Furthermore, I think there's a lot of cases where branded apps across platforms should behave and meet the interface guidelines of each platform. Sharing model and data code is nice (in which case, C/C++ is pretty cross platform…), but I have a hard time believing that views and UI should be identical. To me, that would just be the lowest common denominator of experience across all supported platforms.
In addition, personally, I'd rather write Swift than JS.
More: mjtsai.com, hackernews, medium/airbnb
Friday, June 15th
It’s very difficult to recommend much from the current crop of Macs to customers, and that’s deeply worrisome to us, as a Mac-based software company. For our own internal needs, we’ve wound up purchasing used hardware for testing, rather than opting to compromise heavily on a new machine. That isn’t good for Apple, nor is it what we want.
This is the most frustrating aspect to me: potential customers who have the means and will to buy new machines but because of stagnation in the hardware roadmap it would be absurd to spend a large portion of money on a computer with out-of-date hardware.
Their current failure to keep the Mac lineup fresh, even as they approach a trillion dollar market cap, is both baffling and frightening to anyone who depends on the platform for their livelihood.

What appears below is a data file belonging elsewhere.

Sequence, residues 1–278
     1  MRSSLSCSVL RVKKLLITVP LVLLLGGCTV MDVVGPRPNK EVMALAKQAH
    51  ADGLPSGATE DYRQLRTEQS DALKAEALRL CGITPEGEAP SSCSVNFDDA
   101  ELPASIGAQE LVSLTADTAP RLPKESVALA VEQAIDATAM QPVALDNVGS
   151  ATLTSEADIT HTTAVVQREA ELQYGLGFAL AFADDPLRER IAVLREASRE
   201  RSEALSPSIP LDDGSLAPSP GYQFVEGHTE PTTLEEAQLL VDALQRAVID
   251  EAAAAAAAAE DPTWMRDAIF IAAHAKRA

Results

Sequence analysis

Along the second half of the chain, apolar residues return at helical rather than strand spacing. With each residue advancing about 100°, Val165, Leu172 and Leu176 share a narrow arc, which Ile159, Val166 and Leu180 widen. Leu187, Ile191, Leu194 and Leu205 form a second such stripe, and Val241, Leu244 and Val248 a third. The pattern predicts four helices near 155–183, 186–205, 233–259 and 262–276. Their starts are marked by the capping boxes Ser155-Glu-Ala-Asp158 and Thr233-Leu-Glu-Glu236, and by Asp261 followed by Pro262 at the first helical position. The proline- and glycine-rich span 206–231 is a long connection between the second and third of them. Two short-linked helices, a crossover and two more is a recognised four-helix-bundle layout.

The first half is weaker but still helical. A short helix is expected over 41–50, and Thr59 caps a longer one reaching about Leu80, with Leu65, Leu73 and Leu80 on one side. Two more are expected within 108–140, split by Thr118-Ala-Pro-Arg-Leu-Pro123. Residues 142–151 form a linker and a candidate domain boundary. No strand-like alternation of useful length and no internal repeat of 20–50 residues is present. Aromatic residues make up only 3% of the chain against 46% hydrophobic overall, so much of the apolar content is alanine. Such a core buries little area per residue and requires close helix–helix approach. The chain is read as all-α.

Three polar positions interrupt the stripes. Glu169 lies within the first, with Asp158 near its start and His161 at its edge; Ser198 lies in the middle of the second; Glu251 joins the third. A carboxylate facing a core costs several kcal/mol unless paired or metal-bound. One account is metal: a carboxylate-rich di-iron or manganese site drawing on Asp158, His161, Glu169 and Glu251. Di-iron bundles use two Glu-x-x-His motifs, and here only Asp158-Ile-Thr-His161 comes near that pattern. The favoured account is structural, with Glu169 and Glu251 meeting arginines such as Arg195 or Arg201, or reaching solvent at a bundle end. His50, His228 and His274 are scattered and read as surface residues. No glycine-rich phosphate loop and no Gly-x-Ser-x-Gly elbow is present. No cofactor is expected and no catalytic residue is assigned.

Frightening indeed. I even dug up one of my old tweets from 2016 with an eerily similar "Do not buy" recommendation.
Wednesday, June 13th
At the end of the day, Dark Mode isn’t a brave new era for macOS, but it is a welcome addition to the system. It’s an option that I’m already enjoying on my test system, and I think I’ll move to it full-time this fall when macOS Mojave ships. It’s clear that Apple has put a lot of thought into the feature, and I think most Mac developers will be onboard with what it means for their applications.
Until all apps are recompiled against the 10.14 SDK, I suspect opening an older "stuck in light mode" app on 10.14 will be like someone turning on the lights in a dark room during a movie.